The slouch hat was frequently worn throughout Africa and in motion pictures about Africa such as Jungle Jim and safari films.
It became associated with the Australian military around the end of the 19th Century and since World War I it has been manufactured in Australia by the Akubra company for the Australian Army. This slouch hat is still worn by the Australian military today and it has become a national symbol in Australia. A Unit Colour Patch is also worn by members of the Australian Army on their Slouch Hat to indicate which unit they are from.
The slouch hat or Terai hat is also associated with the Gurkha regiments of the British Army and Indian Army (formerly the British Indian Army) and is still worn by the Gurkhas; the hat is no longer worn on active service. The 2nd Gurkha Rifles became the first Gurkha regiment to adopt the slouch hat when they were issued with the Australian variant in 1901. The Gurkha terai hat is created by fusing two hats into one to make the hat more rigid and is worn at an angle, tilted to the right.
The Chindits and other units of Field Marshal William Slim's British Fourteenth Army, who fought against the Japanese in the Far East during World War II, also became associated with the slouch hat (also known as the bush hat in the British Army).[4] The slouch hat was also used by colonial units of the British Empire, including the Royal West African Frontier Force, the Canadian Yukon Field Force, Canadian Pacific Railway Militia, the Kenya Regiment and troops from Rhodesia.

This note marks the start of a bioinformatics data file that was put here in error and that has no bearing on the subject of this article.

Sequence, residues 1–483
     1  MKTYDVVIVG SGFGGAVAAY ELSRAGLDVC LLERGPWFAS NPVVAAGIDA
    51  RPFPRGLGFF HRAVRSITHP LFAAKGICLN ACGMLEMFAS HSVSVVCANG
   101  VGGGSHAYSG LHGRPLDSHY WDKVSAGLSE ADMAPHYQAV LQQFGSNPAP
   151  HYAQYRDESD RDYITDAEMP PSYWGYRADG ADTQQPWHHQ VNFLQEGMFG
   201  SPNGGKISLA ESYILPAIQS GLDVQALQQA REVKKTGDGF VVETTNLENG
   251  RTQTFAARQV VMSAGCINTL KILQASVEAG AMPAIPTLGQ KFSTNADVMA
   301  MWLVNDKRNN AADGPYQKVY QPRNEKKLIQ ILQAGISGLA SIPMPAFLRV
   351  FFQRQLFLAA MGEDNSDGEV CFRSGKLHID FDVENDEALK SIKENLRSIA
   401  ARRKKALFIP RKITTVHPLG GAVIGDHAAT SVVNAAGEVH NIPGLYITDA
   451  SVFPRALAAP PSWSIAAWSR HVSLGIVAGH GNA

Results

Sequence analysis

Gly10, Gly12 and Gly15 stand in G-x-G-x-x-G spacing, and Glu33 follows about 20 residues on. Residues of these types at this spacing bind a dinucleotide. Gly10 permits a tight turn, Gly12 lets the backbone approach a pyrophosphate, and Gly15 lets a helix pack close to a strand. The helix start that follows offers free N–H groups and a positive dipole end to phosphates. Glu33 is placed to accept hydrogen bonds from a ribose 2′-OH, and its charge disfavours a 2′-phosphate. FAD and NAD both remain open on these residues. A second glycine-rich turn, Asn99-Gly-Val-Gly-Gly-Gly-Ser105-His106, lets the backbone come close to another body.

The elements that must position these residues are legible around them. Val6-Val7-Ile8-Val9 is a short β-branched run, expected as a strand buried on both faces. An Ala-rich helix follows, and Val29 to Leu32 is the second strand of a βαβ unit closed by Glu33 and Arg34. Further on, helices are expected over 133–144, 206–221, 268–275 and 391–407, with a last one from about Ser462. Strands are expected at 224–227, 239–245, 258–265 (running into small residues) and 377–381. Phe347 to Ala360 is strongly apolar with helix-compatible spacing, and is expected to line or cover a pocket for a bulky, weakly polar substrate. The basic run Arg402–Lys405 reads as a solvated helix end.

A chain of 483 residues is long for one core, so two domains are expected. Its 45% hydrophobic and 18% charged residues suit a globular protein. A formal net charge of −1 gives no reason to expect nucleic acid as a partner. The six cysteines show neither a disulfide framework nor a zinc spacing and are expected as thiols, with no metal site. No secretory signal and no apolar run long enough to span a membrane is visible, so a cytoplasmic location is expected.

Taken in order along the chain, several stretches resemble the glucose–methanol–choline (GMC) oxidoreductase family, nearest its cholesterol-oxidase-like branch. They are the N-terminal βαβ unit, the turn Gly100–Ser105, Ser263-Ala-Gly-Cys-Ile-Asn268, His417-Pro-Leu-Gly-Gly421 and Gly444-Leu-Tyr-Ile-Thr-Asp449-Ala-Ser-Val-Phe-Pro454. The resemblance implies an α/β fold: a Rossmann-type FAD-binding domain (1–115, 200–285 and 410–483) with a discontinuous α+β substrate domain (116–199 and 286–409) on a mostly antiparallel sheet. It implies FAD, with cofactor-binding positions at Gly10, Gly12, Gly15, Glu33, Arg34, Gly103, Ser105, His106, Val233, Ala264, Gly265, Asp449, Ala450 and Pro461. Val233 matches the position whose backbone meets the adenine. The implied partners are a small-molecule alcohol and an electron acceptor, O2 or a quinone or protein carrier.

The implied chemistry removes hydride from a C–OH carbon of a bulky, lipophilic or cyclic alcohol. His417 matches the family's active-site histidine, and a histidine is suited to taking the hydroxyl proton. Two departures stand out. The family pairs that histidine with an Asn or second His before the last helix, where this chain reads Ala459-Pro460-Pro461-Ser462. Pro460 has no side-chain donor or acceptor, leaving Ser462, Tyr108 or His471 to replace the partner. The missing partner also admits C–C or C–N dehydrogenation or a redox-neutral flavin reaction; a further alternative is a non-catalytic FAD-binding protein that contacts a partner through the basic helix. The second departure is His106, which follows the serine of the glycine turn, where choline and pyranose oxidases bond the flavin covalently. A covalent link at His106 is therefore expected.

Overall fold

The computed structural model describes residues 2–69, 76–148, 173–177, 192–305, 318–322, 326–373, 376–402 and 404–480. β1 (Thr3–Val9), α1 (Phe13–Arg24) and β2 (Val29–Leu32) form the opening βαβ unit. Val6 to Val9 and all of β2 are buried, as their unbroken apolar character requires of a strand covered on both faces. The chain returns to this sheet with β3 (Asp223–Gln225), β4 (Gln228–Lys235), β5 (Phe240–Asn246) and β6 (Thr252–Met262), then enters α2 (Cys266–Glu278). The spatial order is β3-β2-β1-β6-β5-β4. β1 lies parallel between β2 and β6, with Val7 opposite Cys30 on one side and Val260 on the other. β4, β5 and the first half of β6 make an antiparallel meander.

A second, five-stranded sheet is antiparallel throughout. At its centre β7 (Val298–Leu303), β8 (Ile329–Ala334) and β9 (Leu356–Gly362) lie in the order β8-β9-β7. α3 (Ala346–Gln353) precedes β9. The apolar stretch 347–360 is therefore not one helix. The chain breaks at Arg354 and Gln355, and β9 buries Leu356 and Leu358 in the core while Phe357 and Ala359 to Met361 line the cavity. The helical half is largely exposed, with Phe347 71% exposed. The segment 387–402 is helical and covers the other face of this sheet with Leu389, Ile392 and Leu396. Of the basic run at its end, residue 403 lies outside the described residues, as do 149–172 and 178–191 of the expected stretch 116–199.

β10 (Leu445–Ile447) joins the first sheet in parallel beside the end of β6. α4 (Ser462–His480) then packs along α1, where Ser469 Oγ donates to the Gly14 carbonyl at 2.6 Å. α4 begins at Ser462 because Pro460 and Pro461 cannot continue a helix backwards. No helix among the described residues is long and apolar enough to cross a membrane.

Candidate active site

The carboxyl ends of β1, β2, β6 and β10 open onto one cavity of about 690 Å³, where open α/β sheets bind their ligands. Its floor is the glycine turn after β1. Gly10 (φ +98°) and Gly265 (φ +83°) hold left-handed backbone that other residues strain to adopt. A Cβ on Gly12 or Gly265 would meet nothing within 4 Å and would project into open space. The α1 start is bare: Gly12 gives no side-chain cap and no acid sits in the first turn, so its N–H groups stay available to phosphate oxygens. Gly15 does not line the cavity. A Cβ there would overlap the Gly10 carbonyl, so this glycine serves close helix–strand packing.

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LT.J.H.McDaniel

Sergeant Major
Joined
Oct 20, 2011
Messages
2,363
Location
Covington,Tennessee
#4
It is great you are explaining the hats. Since I don't reenact, good to know what is worn and what they are.
Thank you Donna.Im very glad I could help. I know reenactors and historians are on two total different levals and theres always miscomunication betewan the two. Ive been in arguments here on CWT due to my calling a certain item one thing,and someone esle refering to it as another. I figured i could touch base with every one on a few of the most famous hats of the war and possibly spark an intrest in a fer people. Thanks for reading Donna, If you have anymore questions,ill be glad to help you with them.:thumbsup:
 
Joined
Jun 3, 2012
Messages
3,408
Location
Living in Kilmore in Victoria Australia
#12
A slouch hat is a wide-brimmed felt or cloth hat with a chinstrap, most commonly worn as part of a military uniform. It is a survivor of the felt hats worn by certain 18th century armies. Since then, the slouch hat has been worn by military personnel from many nations including Australia, Britain, India, New Zealand, Southern Rhodesia, France, the United States, Germany and many others. Australia has had a slouch as standard issue headwear since the late Victorian Era. Today it is worn by military personnel from a number of countries, although it is primarily associated with Australia, where it is considered to be a national symbol. The distinctive Australian slouch hat, sometimes called an Australian bush hat or digger hat, has one side of the brim turned up or pinned to the side of the hat with a Rising Sun Badge in order to allow a rifle to be slung over the shoulder. In the United States it was also called the Kossuth hat, after Lajos Kossuth, and was a common article of both the Union and Confederate Armies officer's uniform.